"I'm not trying to compare him to somebody, but later in his career that's what they did with Bird," said Calipari. "From that position, they would go pick-and-roll, dribble handoffs, he'd shoot the 3. After it went here, we go, it's not there, give it to him and now play through him."

Wiltjer expects to be more than just a perimeter player this season after bulking up and working on his post moves, but in the fast break and initiation of the offense he may find himself on the perimeter quite often. What may strengthen the comparison is their similarity in size and ability in the post as inside-out offensive weapons.

"I see us running random pick-and-rolls with him a bunch," said Calipari. "Because, what happens is, there is pick-and-pop, but they'll say, 'Well, you can switch because you don't have to guard him in the post,' but he's a really good post player. If you're too small, he will score on you in there."

Leadership role underway in year two

As one of the elder statesmen of the 2012-13 Kentucky basketball team, Wiltjer, just a sophomore, knows that he is responsible for doing exactly what Terrence Jones, Doron Lamb, Darius Miller and the rest of the veterans did for him in his freshman season: lead.

"It was instant," said Wiltjer of his leadership qualities. "Just when the guys get here, not knowing where everything is, you just instinctively show them and how things are done. So I'm willing to do whatever role it takes to become a better team. So if that means me being a better leader, than I'm all for it."

And after being here just one season, it didn't take Wiltjer long to understand how things were done. Why? Because they did everything as a team.

Last year's team chemistry was nearly palpable. They got along together on and off the court. They shared. They were unselfish. They totally bought into Calipari's message. One year later, with almost a completely different cast of characters, could this team grow together as closely as the last year's was able to?

"We're a super-talented group just like last year," said Wiltjer. "Everyone works hard and we're surprisingly really close already, so it's a great feeling to have such a great group of guys again."

That closeness, that bond, starts at the top, and Wiltjer wasted no time getting acquainted with his new teammates. In fact, he and Caulie-Stein created an on-camera super-duo self-titled as "The Goonies" where they would document their experiences together outside of basketball and put them on YouTube. The mixture of the two skyscrapers walking around combined with their infectious personalities made for very entertaining web content.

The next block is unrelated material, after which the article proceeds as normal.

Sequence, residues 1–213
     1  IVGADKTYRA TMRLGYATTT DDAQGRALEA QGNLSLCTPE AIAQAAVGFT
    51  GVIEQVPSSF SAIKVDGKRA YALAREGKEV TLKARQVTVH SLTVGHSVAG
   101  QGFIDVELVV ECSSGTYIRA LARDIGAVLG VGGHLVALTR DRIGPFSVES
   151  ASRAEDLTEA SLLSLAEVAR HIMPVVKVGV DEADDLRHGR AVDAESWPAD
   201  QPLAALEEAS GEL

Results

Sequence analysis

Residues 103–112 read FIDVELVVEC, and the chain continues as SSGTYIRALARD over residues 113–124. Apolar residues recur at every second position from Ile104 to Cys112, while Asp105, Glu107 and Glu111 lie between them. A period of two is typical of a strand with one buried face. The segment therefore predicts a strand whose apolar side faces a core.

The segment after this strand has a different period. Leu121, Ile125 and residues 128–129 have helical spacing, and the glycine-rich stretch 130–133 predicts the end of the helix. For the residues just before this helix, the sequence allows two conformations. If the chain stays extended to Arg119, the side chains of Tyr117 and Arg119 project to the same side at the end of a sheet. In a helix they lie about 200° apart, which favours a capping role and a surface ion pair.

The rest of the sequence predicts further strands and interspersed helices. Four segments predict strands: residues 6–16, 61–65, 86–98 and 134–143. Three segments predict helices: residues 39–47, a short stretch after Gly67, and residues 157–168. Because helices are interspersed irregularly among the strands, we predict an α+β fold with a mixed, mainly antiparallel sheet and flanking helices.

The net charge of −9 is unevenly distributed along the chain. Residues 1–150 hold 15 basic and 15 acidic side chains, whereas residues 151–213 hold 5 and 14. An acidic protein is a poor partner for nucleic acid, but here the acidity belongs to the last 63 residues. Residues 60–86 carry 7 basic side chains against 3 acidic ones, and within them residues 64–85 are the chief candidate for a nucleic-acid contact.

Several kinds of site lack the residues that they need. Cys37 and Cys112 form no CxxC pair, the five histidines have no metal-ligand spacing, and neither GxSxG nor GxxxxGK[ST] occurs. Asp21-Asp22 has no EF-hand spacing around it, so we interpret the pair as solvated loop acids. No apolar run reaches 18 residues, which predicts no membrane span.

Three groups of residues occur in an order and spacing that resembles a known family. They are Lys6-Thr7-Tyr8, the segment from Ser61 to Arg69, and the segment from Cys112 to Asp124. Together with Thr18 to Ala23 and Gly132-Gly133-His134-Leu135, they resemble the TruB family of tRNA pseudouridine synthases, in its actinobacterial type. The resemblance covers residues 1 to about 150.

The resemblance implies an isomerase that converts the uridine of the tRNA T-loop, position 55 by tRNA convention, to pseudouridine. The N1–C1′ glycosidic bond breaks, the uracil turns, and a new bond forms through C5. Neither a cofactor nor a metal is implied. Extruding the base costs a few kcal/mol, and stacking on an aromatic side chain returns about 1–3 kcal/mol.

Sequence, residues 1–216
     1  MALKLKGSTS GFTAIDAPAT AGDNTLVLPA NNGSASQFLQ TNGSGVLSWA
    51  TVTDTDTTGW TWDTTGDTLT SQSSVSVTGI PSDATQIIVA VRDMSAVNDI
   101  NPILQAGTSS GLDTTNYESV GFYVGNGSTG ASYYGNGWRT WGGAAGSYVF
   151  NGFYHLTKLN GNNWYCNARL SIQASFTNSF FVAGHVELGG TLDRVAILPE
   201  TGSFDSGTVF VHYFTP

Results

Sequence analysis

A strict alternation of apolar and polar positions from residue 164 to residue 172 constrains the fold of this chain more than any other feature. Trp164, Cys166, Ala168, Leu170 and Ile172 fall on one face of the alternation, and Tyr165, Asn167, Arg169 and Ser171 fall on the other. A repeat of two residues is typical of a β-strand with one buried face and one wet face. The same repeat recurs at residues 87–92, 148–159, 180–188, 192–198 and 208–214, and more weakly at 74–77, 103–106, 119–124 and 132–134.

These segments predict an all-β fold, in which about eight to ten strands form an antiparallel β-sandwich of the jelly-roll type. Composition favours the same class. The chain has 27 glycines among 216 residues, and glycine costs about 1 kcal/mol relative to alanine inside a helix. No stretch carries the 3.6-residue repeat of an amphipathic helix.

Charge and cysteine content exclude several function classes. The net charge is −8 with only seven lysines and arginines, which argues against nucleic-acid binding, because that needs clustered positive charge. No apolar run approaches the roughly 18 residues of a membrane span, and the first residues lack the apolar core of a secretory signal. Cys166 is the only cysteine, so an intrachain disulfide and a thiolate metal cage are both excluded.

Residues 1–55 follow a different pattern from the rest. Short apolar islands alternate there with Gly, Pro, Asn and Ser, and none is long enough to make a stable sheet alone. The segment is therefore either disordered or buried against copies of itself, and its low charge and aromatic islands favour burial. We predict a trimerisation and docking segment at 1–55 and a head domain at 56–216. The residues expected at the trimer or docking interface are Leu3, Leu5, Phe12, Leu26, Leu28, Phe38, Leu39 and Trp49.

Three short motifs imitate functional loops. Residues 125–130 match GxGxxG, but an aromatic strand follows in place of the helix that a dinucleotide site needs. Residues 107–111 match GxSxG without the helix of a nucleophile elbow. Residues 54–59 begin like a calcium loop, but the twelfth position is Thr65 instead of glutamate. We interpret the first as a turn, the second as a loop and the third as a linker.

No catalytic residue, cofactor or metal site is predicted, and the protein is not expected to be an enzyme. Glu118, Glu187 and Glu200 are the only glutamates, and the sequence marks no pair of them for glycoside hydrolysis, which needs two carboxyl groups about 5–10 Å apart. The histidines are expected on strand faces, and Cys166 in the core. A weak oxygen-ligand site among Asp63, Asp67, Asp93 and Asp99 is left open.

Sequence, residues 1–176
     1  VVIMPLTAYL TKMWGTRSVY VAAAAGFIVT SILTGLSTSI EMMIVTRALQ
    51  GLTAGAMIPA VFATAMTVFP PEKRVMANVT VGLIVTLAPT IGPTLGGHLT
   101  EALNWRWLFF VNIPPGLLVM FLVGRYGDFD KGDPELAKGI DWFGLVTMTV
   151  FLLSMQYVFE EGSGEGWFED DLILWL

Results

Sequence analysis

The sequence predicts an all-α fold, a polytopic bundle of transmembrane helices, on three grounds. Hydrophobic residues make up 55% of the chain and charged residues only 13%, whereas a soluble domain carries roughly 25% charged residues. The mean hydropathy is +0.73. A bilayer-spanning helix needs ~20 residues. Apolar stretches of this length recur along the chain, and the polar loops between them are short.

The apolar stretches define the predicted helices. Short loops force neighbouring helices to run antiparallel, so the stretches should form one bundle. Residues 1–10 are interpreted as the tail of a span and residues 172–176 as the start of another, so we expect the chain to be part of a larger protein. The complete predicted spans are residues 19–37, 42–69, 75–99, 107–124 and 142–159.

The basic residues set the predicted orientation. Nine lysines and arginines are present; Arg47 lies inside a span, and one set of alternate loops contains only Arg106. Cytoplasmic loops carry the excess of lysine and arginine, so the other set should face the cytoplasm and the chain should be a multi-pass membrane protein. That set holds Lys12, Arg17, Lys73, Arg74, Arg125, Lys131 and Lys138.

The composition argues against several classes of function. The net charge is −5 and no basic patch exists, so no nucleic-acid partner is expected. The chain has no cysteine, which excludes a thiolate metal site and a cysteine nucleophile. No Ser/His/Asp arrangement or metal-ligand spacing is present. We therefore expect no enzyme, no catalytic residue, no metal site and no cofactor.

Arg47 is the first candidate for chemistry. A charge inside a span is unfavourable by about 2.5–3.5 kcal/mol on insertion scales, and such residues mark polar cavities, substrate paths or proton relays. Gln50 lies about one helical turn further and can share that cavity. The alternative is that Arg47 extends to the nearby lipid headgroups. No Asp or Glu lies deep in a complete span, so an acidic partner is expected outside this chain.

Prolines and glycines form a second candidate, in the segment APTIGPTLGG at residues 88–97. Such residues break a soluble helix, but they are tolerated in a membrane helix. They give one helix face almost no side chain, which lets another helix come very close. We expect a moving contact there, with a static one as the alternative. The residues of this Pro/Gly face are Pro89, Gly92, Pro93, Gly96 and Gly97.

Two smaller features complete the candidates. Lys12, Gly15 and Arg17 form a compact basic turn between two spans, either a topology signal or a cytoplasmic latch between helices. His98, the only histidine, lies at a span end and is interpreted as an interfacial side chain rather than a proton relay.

They clicked immediately.

"We're just kind of laid-back guys," said Wiltjer of himself and Cauley-Stein. "We started hanging out in the summer. We're all very close, to be honest. But just kind of hanging out with him, we have similarities, just trying to have a good time when we're not playing basketball."

But as much as it was instinctive for Wiltjer to lead, the seed had been planted awhile ago, and the example had already been set.

Just as last year's team began doing, mostly in thanks to Kidd-Gilchrist's highly regarded work ethic, this year's team is continuing last year's tradition of "The Breakfast Club." The entire team gets up early in the morning before class and works out to get the day started. Kidd-Gilchrist began doing it on his own, but Calipari encouraged him to start dragging some of his teammates with him. Before long, it was the entire team participating in the early a.m. activities.

Now, Calipari is doing the same with Wiltjer, particularly after witnessing his sophomore getting in an extra shooting exercise on his own. After burning the candles late into the evening as Calipari tends to do, he talked to Wiltjer after his work out. Though he was enthused by Wiltjer's efforts, his message to him was to make sure to start getting his teammates involved.

"I heard the ball bouncing and I look outside my office window and it was Kyle, who had grabbed a manager, walked across the street and had a great workout," said Calipari. "I grabbed him after and I said, 'Why wasn't someone here with you or a couple of these guys? Don't come over here by yourself. Drag a couple guys with you. We've got to start doing that.' "

His message was received loud and clear. When talking about his leadership role on the team this season, Wiltjer was quick to echo the sentiments of his head coach.

"It's big because you're coming in not knowing what to expect and just having someone there to help you through it is just really key," said Wiltjer of helping the newcomers. "Like Coach Calipari says, it's hard to do things on your own, but when you do them as a team it's just a lot easier."

But it hasn't just been the freshmen that Wiltjer has been helping. Though Wright State transfer Julius Mays is a full three years older, Mays has relied heavily on Wiltjer and redshirt sophomore Ryan Harrow to help him learn a new offense.

"I still have to learn the new system just like all of the other guys," said Mays. "It's a good feeling to have because you also have younger guys in Kyle and Ryan who were here a year so you can be able to look up to guys that are younger than you and have been here."

This season there is a Thanksgiving Dinner-sized helping Wiltjer's plate. Between trying to elevate his game and take it to where his team needs it to be, along with being a team leader as sophomore who played just over 12 minutes per contest last season, much of the weight of Kentucky basketball is squarely on his shoulders.

With last year's experience still fresh in his mind, the sophomore forward is more than ready to embrace the responsibilities bestowed upon him this season. He already has.

"It's a good role to have," said Wiltjer. "But I just want to improve off of last year. That's my main goal. Whatever it takes to win, that's what I'm going to do."